TV debates: MMP, not FPP
Note: this post originally appeared on ‘Douglas to Dancing’, a blog I maintained from 2007-9 on the ACT New Zealand political party. The blog was an extension of the thesis I wrote about the Act Party in 2007, From Douglas to Dancing: explaining the lack of success of ACT New Zealand and evaluating its future prospects (PDF).
News that Helen Clark and John Key are refusing to debate each other with other party leaders has understandably been received with anger by Rodney Hide. Television debates are a major platform for small party leaders to put forward their case to voters. Excluding leaders other than from National or Labour devalues votes given to small parties and only encourages the mistaken view that New Zealand has a presidential system, rather than a proportional, MMP environment.
Hide performs well in debates and will be annoyed that he will be robbed of a potential opportunity to swing voters from National in the manner that Peter Dunne did back in 2002, via the infamous “worm”.
Hide’s words from his Sunday speech are worth repeating here. Even if you don’t support ACT, you should support Hide’s position on this issue. I certainly do.
I am disappointed for our country and our democracy. We need to see our Leaders debate their policies. There are serious issues confronting the country. We need to debate the future direction of the country. The man who would be our next Prime Minister is refusing to do so. That’s disappointing.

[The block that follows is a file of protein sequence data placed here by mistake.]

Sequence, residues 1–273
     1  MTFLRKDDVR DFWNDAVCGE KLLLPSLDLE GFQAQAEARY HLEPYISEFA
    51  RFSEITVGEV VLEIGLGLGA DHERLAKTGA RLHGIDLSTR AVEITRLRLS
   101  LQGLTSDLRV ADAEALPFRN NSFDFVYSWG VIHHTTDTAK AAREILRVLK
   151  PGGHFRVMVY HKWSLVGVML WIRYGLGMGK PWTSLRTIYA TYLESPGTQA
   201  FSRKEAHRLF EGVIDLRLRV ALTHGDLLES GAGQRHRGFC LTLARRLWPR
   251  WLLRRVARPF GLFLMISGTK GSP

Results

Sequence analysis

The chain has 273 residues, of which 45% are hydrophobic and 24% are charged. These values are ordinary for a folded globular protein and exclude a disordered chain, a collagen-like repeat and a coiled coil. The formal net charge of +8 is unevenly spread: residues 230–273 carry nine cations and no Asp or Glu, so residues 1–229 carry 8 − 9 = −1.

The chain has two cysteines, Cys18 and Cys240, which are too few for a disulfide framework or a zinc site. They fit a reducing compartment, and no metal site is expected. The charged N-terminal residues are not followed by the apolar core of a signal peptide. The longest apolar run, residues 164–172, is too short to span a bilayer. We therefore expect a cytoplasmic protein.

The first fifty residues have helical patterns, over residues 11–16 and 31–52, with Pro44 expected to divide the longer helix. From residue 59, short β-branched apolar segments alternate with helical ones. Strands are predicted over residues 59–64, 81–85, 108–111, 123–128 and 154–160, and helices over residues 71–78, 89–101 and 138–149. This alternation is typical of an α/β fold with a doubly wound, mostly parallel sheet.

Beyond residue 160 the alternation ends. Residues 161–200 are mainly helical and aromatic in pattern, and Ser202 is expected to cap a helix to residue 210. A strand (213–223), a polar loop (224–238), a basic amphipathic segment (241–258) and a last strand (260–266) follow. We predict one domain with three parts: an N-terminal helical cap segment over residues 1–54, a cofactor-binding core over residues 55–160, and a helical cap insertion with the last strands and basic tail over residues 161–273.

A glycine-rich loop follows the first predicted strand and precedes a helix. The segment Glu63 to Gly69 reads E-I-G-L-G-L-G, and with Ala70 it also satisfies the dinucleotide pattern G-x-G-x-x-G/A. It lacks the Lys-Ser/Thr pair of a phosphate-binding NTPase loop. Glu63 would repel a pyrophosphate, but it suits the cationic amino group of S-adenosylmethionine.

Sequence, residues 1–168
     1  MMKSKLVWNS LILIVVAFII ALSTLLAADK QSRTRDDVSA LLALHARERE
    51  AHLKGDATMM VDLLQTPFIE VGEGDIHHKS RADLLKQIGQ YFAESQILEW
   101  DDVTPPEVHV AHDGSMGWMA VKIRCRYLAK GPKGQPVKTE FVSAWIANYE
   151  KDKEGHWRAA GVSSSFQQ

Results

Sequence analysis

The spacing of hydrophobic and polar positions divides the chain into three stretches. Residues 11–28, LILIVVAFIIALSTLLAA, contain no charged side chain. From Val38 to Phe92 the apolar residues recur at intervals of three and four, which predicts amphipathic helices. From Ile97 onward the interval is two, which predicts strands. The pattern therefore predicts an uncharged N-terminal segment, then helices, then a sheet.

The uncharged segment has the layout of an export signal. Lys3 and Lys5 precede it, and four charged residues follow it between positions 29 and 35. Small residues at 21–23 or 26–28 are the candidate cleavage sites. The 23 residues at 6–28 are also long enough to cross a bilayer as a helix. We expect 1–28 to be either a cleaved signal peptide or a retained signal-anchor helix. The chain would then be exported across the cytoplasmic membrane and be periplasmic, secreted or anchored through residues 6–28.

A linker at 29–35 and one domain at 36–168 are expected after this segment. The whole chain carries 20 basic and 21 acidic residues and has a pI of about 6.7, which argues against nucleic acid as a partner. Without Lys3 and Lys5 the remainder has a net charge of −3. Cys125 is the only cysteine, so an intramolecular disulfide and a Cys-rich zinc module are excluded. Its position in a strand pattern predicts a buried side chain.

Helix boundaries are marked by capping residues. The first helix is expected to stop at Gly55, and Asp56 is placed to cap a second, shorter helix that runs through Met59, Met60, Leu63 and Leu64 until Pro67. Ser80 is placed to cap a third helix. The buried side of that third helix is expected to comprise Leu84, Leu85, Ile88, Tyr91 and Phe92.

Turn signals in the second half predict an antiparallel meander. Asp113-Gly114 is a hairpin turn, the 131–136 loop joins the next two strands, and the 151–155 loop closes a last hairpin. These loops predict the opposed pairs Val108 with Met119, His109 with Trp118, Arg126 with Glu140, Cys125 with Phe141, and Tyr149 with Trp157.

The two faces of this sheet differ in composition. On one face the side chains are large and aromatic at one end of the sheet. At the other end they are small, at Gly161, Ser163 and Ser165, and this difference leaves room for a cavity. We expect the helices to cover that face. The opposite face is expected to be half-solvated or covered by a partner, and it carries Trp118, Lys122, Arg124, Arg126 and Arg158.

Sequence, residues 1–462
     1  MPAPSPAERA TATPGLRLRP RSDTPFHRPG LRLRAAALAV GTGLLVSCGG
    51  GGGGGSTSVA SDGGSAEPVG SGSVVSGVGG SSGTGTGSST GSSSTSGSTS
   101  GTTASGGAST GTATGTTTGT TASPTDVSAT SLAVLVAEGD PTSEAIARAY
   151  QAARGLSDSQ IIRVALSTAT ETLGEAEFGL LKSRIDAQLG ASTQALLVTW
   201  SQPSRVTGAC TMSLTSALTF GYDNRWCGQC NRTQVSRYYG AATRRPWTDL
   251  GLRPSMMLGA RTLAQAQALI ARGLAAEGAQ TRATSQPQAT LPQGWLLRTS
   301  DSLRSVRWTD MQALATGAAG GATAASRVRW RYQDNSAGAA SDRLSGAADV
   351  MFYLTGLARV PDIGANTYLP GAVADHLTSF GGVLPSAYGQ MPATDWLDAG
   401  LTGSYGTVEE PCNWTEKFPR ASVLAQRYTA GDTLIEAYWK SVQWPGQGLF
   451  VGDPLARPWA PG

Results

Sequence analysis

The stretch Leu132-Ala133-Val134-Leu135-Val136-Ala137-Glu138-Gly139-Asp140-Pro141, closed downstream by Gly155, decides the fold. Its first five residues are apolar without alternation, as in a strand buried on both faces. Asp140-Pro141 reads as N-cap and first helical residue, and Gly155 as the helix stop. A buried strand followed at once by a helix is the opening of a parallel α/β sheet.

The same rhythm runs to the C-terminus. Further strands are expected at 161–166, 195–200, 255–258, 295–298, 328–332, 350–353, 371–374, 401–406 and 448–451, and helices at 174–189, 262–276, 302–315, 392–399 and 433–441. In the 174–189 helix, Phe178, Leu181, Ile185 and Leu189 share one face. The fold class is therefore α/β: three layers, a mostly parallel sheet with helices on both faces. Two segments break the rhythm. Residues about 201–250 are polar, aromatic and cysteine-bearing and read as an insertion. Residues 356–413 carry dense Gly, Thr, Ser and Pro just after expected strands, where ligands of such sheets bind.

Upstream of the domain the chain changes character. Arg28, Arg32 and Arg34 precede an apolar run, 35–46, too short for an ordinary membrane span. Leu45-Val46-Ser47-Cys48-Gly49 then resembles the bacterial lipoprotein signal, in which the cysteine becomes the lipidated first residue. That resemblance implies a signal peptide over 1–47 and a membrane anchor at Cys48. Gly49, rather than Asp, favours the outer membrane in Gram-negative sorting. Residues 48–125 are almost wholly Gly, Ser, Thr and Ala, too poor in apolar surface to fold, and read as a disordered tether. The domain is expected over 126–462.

It’s MMP. Voters vote a coalition. Having John Key debate with the Leaders of the MMP Parties would be so valuable: voters would get to judge how the Party Leaders and their ideas would work together. Voters need to see the dynamic between the Helen Clark and the Greens, and John Key and ACT. They deserve to see how the Maori Party would fit in.
John Key has denied voters that opportunity. I think it’s a shame and anti-democratic.
Here’s an idea Hide should take to TVNZ and TV3: encourage them to cancel their head-to-head debates with Key and Clark if they do not agree to take part in debates with other party leaders. Judging by the success of the news media’s ganging up in the US against molly-coddling of Sarah Palin, this could be quite effective.